The Lettuce Shop

at U5/151 Belmont ave, Perth, 6104 Australia

The Lettuce Shop are purveyors of quality fresh local produce delivering to the people of Perth.


The Lettuce Shop
U5/151 Belmont ave
Perth , WA 6104
Australia
Contact Phone
P: 9479 5633
Website

Description

The Lettuce Shop is a family business dedicated to delivering the best quality local produce to your door. Our main objective is to provide convenience by saving busy people time and money by offering efficient home delivery. We pride ourselves on our well organised and highly efficient service. We strongly support local growers and producers by delivering their products to the people of Perth. We understand the need for healthy eating and the stress of sourcing good quality produce whilst trying to manage a household, family and work. We also understand the hassle of taking small children to the supermarket, so we have developed a simple, user-friendly service in the interest of healthy eating and convenience - from our online shop to your front door. We proudly support West Australian produce and Australian produce is our second choice. Any items bought overseas are noted. We guarantee our quality and will give a refund on any item if it is not satisfactory. The Lettuce Shop produce is fresh from the markets and delivered to you in purpose built refrigerated vehicles in sealed insulated boxes. We go to extremes to keep our produce refrigerated at all times, so much so that we have a purpose built refrigerated packing room. This means that while the produce is with us, it is always refrigerated. Our Online Shop facility allows you to compare our prices before you select your produce. Visit www.thelettuceshop.com.au

Opening time

  • Mondays: 07:30- 14:30
  • Tuesdays: 07:30- 14:30
  • Wednesdays: 07:30- 14:30
  • Thursdays: 07:30- 14:30
  • Fridays: 07:30- 14:30

Company Rating

2833 FB users likes The Lettuce Shop, set it to 7 position in Likes Rating for Perth, Western Australia in Food/grocery category

With the change in season, what's your favourite autumn dish? Do you love a hearty bowl of soup or risotto, or a delicious slow-cooked roast? Or a vegetable tart or meat pie?

Published on 2015-04-09 06:23:20 GMT

Got your order in for the week? Don't forget we are closed for home deliveries from Monday 6th to Friday 10th April. We'll be back on board bright and early on Monday 13th April, eager to get your fresh produce out to you.

Published on 2015-03-30 23:00:00 GMT

Our meat pack from Barbaro Butchers On Preston - Como this week contains: - 500g veal schnitzel - 500g chicken stir fry strips - 500g lamb forequarter chops - 500g chicken thighs - 750g beef roast To add this $65 meat pack to your fresh produce order, simply email us at sales@thelettuceshop.com.au and we'll get it delivered to your front door.

Published on 2015-03-29 23:00:01 GMT

Generated summary (experimental)

Lettuce (Lactuca sativa) is an annual plant of the daisy family, Asteraceae.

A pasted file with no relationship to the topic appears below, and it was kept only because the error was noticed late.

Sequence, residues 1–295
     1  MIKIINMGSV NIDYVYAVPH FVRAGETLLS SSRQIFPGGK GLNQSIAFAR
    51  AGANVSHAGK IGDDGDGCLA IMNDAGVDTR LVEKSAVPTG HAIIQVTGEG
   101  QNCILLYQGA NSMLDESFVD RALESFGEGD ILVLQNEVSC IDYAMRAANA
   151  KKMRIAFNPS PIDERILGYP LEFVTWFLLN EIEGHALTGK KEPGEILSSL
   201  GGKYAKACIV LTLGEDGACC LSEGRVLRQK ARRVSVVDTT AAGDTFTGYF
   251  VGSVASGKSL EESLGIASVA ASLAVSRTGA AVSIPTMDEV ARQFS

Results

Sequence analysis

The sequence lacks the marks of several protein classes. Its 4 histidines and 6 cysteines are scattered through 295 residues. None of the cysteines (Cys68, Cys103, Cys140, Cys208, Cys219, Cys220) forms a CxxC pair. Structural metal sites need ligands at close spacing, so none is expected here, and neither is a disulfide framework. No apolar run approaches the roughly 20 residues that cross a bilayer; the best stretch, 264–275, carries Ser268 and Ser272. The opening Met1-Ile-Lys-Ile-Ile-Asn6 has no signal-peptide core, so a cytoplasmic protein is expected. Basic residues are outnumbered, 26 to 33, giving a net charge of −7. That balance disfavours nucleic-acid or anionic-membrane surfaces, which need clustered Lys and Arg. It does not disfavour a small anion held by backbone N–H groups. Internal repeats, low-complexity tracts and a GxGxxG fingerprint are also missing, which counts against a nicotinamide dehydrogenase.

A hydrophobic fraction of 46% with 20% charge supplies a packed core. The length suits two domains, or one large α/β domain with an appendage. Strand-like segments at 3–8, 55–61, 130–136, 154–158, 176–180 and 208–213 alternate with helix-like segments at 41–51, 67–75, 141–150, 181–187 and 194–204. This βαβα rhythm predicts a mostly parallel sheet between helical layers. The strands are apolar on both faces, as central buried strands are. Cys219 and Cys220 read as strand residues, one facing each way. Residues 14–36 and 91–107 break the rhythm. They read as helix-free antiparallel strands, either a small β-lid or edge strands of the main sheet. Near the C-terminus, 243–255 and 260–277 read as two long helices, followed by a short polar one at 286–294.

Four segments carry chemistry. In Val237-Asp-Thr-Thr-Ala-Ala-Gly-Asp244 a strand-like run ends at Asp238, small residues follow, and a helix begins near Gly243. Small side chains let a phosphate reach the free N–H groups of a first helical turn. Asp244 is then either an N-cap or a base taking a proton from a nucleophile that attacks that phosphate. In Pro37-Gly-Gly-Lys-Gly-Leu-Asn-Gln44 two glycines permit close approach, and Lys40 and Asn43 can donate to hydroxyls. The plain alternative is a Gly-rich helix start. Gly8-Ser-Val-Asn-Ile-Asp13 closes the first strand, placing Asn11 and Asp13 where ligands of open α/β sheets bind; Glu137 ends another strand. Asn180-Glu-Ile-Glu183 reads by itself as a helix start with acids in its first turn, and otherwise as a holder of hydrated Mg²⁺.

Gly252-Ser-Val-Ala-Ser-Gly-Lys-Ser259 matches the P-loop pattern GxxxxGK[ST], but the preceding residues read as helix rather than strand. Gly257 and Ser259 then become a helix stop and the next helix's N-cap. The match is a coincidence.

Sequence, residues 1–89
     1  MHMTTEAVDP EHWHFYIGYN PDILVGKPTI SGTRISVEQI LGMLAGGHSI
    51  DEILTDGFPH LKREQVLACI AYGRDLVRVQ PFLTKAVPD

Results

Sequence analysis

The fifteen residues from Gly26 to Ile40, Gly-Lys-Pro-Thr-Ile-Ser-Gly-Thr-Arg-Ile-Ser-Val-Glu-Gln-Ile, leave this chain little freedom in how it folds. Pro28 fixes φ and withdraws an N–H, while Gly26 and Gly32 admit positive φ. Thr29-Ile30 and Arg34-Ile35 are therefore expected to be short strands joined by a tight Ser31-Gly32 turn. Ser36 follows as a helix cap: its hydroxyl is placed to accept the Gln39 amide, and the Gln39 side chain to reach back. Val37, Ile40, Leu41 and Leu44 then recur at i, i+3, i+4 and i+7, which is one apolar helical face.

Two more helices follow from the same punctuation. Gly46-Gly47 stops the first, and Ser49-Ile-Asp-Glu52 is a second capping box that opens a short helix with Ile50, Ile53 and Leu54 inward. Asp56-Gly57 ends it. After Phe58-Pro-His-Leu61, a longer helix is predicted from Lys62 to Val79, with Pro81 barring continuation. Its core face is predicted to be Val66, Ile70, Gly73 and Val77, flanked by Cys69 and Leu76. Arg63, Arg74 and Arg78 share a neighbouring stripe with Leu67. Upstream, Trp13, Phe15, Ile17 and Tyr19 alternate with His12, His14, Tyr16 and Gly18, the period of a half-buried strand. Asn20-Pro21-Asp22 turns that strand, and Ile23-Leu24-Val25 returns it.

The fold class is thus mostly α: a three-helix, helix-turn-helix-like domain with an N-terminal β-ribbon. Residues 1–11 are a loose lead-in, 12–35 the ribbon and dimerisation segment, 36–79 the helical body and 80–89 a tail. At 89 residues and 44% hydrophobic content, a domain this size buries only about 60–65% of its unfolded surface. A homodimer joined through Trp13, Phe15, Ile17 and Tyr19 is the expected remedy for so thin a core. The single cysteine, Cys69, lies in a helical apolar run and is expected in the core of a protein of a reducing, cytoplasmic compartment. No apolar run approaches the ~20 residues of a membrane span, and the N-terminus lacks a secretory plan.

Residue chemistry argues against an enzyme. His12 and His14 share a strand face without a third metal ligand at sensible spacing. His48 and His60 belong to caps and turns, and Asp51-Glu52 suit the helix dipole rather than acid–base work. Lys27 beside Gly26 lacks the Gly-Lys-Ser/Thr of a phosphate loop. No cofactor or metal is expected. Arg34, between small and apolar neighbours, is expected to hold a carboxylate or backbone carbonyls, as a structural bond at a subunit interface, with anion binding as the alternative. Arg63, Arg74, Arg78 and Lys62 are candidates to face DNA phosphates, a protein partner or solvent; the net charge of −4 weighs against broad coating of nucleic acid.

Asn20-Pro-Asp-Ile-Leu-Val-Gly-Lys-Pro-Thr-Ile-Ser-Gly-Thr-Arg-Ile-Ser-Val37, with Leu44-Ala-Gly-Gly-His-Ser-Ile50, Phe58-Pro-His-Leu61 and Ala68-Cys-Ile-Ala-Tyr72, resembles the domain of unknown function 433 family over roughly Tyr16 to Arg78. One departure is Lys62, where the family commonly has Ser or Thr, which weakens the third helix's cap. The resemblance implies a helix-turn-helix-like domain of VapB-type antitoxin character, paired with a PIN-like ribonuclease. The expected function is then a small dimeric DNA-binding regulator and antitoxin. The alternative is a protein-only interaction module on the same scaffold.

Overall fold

It is most often grown as a leaf vegetable, but sometimes for its stem and seeds.
Lettuce is most often used for salads, although it is also seen in other kinds of food, such as soups, sandwiches and wraps; it can also be grilled.
One variety, the woju, or asparagus lettuce (celtuce), is grown for its stems, which are eaten either raw or cooked.
In addition to its main use as a leafy green, it has also gathered religious and medicinal significance over centuries of human consumption.
Europe and North America originally dominated the market for lettuce, but by the late 20th century the consumption of lettuce had spread throughout the world.
World production of lettuce and chicory for calendar year 2013 was 24.9 million tonnes, over half of which came from China.
Lettuce was first cultivated by the ancient Egyptians who turned it from a weed whose seeds were used to produce oil, into a food plant grown for its succulent leaves and oil-rich seeds.
Lettuce spread to the Greeks and Romans, the latter of whom gave it the name lactuca, from which the English lettuce is ultimately derived.
By 50 AD, many types were described, and lettuce appeared often in medieval writings, including several herbals.
The 16th through 18th centuries saw the development of many varieties in Europe, and by the mid-18th century cultivars were described that can still be found in gardens.
Generally grown as a hardy annual, lettuce is easily cultivated, although it requires relatively low temperatures to prevent it from flowering quickly.
It can be plagued by numerous nutrient deficiencies, as well as insect and mammal pests, and fungal and bacterial diseases.
L. sativa crosses easily within the species and with some other species within the Lactuca genus.
Although this trait can be a problem to home gardeners who attempt to save seeds, biologists have used it to broaden the gene pool of cultivated lettuce varieties.
Lettuce is a rich source of vitamin K and vitamin A, and a moderate source of folate and iron.
Contaminated lettuce is often a source of bacterial, viral and parasitic outbreaks in humans, including E. coli and Salmonella.
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